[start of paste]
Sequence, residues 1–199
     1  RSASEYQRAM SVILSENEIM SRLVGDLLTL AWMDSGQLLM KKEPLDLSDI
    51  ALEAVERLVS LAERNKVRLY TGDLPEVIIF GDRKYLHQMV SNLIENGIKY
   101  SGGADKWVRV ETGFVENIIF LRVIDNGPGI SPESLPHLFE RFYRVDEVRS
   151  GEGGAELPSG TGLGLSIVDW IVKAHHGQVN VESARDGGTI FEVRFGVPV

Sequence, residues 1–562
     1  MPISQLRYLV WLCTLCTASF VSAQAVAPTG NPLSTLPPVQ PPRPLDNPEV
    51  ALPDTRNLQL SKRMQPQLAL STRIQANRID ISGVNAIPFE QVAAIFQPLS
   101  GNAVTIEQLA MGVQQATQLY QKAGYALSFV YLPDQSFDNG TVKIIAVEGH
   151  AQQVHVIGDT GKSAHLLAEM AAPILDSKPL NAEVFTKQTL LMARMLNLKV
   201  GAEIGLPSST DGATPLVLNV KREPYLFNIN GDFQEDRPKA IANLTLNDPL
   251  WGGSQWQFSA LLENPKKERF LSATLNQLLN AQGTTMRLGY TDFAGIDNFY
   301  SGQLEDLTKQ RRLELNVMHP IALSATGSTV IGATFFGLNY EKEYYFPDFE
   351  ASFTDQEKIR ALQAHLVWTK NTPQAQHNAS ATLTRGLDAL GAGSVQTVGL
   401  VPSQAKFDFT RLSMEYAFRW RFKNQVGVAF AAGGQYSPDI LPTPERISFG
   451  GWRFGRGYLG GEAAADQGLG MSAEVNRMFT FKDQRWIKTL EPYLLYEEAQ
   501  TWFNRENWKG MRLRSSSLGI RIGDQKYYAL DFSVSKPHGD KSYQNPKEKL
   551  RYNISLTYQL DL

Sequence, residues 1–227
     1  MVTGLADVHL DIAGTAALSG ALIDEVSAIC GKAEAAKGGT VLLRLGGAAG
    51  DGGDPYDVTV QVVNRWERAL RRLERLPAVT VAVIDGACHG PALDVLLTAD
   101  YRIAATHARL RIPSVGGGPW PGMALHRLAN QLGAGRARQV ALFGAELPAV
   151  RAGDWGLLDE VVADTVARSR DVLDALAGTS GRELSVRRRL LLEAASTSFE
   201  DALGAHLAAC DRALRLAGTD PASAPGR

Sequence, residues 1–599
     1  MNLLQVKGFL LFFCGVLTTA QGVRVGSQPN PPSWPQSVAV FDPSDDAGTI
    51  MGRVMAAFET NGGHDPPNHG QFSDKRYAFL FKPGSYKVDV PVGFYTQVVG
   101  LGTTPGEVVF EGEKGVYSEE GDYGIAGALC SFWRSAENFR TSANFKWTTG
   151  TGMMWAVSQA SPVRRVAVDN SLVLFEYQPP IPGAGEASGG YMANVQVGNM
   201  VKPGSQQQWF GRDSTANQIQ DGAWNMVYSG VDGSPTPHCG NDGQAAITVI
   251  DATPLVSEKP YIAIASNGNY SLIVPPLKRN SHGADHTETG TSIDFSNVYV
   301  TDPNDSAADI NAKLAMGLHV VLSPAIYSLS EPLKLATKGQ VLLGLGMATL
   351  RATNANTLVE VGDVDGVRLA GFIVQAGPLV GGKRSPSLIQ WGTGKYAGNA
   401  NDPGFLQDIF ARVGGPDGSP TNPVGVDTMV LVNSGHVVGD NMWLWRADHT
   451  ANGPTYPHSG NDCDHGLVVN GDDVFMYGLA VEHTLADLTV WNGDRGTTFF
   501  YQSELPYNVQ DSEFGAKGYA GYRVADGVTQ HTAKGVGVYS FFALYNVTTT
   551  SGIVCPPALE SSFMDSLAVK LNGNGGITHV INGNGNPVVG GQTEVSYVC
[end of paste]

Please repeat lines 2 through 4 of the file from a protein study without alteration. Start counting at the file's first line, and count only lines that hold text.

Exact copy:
     1  RSASEYQRAM SVILSENEIM SRLVGDLLTL AWMDSGQLLM KKEPLDLSDI
    51  ALEAVERLVS LAERNKVRLY TGDLPEVIIF GDRKYLHQMV SNLIENGIKY
   101  SGGADKWVRV ETGFVENIIF LRVIDNGPGI SPESLPHLFE RFYRVDEVRS